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Battery Manufacturing

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Overview

Highlights

  • Lead: Battery Manufacturing. OSHA eTool. Provides an interactive web-based training tool on controlling lead exposures in battery manufacturing.

Exposure to lead is the primary health concern in battery manufacturing, and consequently, the focus of this topic page. Any operation in which battery plates, lead scrap, or oxide is handled may be a significant source of lead exposure. Airborne dispersion of lead dust (which settles on equipment, floors and other surfaces) via cross-drafts, pedestrian and vehicular traffic, and dry sweeping, may be an additional source of lead exposure.

If the dross that forms on top of lead pots is handled carelessly, lead exposure can result. Lead particles can also become airborne via attachment to acid or water mists. Lead fumes from lead pots, torching, burning, or other operations where a flame contacts lead, or lead is heated above the melting point, may also be sources of lead exposure.

OSHA Standards

Battery manufacturing plants under federal jurisdiction are required to comply with specific OSHA standards for General Industry.

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Hazards

Provides additional sources of information about the health effects of lead exposure.

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Evaluating Exposure

Provides assistance for evaluating lead exposure.

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Control

Provides references that contain information to help reduce lead exposure.

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Additional Resources

Provides links and references to additional resources related to lead exposure.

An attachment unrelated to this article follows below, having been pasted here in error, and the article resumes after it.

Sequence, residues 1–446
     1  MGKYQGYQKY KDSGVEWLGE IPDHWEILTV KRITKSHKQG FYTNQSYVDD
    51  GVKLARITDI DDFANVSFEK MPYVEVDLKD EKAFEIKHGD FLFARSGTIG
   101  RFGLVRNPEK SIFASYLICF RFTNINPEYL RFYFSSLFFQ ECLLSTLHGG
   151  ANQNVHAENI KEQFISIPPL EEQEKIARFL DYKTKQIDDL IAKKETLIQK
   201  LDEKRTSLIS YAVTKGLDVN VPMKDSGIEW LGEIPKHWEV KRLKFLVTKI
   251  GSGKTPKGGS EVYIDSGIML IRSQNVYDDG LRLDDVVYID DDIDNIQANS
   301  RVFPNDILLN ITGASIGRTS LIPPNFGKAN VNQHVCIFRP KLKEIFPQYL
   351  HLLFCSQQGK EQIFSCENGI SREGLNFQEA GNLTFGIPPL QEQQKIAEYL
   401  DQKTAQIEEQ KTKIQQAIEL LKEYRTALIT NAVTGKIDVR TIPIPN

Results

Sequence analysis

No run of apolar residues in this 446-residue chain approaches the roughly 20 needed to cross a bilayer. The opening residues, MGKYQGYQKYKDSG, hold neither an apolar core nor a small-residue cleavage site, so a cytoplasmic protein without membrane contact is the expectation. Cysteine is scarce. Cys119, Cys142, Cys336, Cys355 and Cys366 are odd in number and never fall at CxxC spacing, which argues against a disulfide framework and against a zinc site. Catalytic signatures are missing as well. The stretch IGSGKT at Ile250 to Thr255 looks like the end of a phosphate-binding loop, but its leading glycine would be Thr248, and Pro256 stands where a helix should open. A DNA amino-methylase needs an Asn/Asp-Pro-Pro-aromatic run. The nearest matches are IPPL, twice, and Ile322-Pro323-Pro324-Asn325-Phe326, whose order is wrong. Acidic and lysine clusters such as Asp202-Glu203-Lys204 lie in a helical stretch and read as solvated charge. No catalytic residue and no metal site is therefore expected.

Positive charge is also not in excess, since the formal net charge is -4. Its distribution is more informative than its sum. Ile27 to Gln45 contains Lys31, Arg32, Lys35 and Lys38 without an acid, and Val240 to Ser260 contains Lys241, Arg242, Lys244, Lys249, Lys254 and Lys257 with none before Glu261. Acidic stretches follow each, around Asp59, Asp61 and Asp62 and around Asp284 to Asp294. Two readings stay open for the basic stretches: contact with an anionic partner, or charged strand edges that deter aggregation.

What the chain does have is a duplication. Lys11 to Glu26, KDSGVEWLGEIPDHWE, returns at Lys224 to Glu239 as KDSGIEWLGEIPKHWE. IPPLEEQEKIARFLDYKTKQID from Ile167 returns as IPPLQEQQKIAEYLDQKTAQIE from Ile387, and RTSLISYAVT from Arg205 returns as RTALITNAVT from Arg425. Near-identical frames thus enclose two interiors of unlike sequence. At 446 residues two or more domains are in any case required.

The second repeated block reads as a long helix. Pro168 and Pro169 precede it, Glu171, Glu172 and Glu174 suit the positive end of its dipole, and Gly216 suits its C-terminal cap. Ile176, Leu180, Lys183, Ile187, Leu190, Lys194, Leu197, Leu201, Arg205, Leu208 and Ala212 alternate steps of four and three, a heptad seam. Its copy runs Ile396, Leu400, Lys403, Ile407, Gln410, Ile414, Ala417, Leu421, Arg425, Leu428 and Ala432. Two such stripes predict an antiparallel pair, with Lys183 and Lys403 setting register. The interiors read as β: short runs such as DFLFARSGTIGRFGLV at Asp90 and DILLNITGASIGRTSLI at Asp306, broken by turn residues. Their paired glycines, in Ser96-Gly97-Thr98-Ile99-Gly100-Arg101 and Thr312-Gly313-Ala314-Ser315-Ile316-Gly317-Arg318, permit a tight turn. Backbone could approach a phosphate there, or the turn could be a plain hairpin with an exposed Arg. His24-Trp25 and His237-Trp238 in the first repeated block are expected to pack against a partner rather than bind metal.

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How do I find out about employer responsibilities and workers' rights?

Workers have a right to a safe workplace. The law requires employers to provide their employees with safe and healthful workplaces. The OSHA law also prohibits employers from retaliating against employees for exercising their rights under the law (including the right to raise a health and safety concern or report an injury). For more information see www.whistleblowers.gov or Workers' rights under the OSH Act.

OSHA can help answer questions or concerns from employers and workers. To reach your regional or area OSHA office, go to the OSHA Offices by State webpage or call 1-800-321-OSHA (6742).

Small business employers may contact OSHA's free and confidential On-Site Consultation program to help determine whether there are hazards at their worksites and work with OSHA on correcting any identified hazards. Consultants in this program from state agencies or universities work with employers to identify workplace hazards, provide advice on compliance with OSHA standards, and assist in establishing injury and illness prevention programs. On-Site Consultation services are separate from enforcement activities and do not result in penalties or citations. To contact OSHA's free consultation service, go to OSHA's On-Site Consultation web page or call 1-800-321-OSHA (6742) and press number 4.

Workers may file a complaint to have OSHA inspect their workplace if they believe that their employer is not following OSHA standards or that there are serious hazards. Workers can file a complaint with OSHA by calling 1-800-321-OSHA (6742), online via eComplaint Form, or by printing the complaint form and mailing or faxing it to the local OSHA area office. Complaints that are signed by a worker are more likely to result in an inspection.

If you think your job is unsafe or if you have questions, contact OSHA at 1-800-321-OSHA (6742). Your contact will be kept confidential. We can help. For other valuable worker protection information, such as Workers' Rights, Employer Responsibilities, and other services OSHA offers, visit OSHA's Workers' page.

Highlights

  • Sawmills. OSHA eTool. An interactive web-based training tool on the hazards associated with working in sawmills. Provides information on topics such as lumber storage, log handling, and plant-wide hazards.
  • Woodworking. OSHA eTool. An interactive web-based training tool on the hazards associated with woodworking. Provides information on topics such as assembly, production, and shipping.
  • Logging. OSHA eTool. By many measures, logging is the most hazardous industry in the United States, particularly the activity of manual felling. This eTool outlines the required and recommended work practices that may reduce logging hazards.
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